Celebrating Easter

Easter is not much of a kids holiday once they get past the basket of candy and baby chicks. Sure, children love to put on their finest clothes, eat the ears off the chocolate bunny, and maybe play with a baby chick or perhaps a baby bunny, but that’s about it. It’s a different kind of holiday from Christmas with its many gifts and music and pageantry.

What about adults? What is there in Easter with which adults identify?  Well, adults flock to churches in droves to celebrate Easter. Truly, they are more into the spiritual celebration of Easter than Christmas.

The virgin birth of Christ at Christmas is intriguing but in our linear way of thinking we know the Gospels will spend time showing Jesus’ life unfolding from childhood into adulthood. We’ll hear of the sparring between Jesus and the Pharisees about the Law, and of the miracles and healings He will perform.  All good stuff to be sure, but nothing like the truths that unfold at Easter.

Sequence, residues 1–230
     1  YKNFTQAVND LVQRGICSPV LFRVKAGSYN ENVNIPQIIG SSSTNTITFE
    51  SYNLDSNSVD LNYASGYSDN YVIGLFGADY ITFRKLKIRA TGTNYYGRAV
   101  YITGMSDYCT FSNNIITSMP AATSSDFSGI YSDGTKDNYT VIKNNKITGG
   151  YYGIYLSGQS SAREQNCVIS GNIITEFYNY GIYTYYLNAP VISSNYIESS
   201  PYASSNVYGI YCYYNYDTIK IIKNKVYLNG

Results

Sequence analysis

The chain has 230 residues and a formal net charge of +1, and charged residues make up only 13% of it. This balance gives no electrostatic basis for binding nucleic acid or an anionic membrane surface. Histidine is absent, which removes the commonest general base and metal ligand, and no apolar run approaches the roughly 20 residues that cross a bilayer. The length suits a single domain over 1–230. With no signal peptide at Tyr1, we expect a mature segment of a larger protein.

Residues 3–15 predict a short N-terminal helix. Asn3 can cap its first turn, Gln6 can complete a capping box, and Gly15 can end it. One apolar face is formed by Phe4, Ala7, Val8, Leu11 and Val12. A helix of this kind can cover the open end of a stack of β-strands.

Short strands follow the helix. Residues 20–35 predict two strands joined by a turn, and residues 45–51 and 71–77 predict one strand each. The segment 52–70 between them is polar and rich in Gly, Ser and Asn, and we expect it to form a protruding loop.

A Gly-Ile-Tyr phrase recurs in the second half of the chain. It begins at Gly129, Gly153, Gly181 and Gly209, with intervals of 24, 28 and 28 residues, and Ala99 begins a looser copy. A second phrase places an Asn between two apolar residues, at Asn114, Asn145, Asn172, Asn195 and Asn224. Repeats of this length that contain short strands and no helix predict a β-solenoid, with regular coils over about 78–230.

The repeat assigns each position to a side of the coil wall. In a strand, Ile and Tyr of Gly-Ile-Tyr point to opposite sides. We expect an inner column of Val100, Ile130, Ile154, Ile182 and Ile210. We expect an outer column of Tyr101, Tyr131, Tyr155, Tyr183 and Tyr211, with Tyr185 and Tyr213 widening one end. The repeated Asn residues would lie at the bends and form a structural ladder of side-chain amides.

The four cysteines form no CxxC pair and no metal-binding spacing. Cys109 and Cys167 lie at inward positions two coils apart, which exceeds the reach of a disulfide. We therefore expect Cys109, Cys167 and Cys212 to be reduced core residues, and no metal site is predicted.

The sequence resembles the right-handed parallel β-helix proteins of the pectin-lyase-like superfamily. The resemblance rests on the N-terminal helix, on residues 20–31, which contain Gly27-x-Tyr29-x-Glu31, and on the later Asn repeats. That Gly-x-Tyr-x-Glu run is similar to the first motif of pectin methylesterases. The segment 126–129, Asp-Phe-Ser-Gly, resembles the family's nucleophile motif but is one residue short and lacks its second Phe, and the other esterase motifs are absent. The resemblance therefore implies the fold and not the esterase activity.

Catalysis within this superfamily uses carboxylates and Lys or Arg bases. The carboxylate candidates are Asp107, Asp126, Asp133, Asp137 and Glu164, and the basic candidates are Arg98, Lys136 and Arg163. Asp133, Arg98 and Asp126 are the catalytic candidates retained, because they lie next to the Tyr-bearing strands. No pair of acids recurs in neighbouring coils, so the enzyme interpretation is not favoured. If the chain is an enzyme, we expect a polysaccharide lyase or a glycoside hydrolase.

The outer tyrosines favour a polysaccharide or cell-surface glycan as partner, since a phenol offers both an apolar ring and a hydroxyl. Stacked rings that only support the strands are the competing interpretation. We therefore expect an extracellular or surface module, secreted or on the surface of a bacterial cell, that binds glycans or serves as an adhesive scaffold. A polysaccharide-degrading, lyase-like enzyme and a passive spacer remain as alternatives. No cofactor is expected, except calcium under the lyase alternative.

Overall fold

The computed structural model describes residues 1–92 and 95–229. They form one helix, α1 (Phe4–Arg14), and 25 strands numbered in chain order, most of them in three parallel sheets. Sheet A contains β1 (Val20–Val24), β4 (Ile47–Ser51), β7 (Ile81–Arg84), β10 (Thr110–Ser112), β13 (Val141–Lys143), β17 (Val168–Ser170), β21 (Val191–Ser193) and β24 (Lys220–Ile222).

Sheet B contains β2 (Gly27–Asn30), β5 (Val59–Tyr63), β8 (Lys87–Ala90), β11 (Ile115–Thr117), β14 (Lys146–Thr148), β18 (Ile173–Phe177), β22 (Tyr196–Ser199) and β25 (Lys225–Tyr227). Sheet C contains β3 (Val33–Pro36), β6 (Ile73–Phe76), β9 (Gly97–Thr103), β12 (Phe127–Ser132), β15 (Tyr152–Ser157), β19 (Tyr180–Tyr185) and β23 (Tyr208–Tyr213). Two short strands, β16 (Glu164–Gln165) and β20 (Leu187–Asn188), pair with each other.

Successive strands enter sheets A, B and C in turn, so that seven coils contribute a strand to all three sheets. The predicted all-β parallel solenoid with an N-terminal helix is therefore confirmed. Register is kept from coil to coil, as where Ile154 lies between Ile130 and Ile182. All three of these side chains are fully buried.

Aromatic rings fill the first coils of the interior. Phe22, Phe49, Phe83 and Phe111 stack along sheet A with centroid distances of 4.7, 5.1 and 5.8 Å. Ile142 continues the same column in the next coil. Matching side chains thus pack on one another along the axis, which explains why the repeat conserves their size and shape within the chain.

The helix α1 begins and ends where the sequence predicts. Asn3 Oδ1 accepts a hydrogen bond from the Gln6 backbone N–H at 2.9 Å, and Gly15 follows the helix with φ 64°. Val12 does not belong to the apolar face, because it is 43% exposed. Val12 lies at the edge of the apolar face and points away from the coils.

Easter comes hard on the heels of Holy Week where we hear the last messages that Jesus gives His apostles typified by His example of washing their feet and telling them to do likewise. Good Friday He shows them that they must die with dignity, not only for those they love, but also their friends, not only their friends, but also strangers, not only strangers, but also strangers who are not very good people –  just like He did.

On Easter morning His disciples found the empty tomb and realized in a flash all that He had been telling them about His death and resurrection was true after all.  The impact of that truth was overwhelming.  No other god had ever died for his people like their God.

So, clearly Easter is a feast for adults. Not much in the way of fantasy and gifts, but rich to the mature spiritual mind that can understand and appreciate the content.


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